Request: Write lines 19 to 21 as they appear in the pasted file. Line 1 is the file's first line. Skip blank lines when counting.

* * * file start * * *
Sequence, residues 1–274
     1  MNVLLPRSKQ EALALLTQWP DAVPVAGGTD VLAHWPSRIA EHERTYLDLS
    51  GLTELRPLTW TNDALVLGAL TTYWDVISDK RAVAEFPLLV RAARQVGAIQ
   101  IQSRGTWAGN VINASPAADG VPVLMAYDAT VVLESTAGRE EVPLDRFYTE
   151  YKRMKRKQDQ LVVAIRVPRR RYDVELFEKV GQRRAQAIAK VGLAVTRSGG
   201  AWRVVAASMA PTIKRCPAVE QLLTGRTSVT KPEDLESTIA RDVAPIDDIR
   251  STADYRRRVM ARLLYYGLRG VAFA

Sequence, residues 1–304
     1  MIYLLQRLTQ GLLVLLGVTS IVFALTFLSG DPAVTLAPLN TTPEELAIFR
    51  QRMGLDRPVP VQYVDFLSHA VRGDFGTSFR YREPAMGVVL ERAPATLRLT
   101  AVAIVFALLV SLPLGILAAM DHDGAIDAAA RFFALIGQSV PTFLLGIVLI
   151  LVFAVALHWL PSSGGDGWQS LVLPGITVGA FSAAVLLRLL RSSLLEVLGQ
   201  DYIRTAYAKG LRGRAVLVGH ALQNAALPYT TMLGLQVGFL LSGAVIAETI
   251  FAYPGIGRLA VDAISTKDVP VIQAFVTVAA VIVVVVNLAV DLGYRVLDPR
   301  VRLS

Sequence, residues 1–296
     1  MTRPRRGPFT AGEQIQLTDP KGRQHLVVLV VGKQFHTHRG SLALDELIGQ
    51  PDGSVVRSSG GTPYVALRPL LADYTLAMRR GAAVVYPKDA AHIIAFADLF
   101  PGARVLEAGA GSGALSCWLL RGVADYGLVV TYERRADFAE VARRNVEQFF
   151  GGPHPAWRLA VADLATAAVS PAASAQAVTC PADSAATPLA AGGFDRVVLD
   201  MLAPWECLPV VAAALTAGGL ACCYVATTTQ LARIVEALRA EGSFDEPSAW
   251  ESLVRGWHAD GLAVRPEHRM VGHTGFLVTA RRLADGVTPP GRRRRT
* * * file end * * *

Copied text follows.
   101  PGARVLEAGA GSGALSCWLL RGVADYGLVV TYERRADFAE VARRNVEQFF
   151  GGPHPAWRLA VADLATAAVS PAASAQAVTC PADSAATPLA AGGFDRVVLD
   201  MLAPWECLPV VAAALTAGGL ACCYVATTTQ LARIVEALRA EGSFDEPSAW